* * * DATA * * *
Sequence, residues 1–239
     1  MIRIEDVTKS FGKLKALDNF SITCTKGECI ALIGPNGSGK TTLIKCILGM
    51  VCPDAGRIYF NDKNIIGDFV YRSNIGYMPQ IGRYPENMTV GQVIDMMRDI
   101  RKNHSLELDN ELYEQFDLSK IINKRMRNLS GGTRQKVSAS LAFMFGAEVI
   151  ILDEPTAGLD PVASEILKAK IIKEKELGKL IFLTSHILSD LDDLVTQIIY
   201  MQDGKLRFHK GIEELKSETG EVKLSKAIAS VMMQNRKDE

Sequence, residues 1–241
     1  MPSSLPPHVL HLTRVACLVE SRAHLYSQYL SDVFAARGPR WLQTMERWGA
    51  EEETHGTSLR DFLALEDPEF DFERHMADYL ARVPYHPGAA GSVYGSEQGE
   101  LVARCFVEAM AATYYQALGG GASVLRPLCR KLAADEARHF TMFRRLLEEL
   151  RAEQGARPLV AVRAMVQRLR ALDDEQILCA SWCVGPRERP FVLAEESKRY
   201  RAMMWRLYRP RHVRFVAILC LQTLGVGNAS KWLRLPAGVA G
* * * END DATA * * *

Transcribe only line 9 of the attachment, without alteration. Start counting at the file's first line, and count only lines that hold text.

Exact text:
    51  EEETHGTSLR DFLALEDPEF DFERHMADYL ARVPYHPGAA GSVYGSEQGE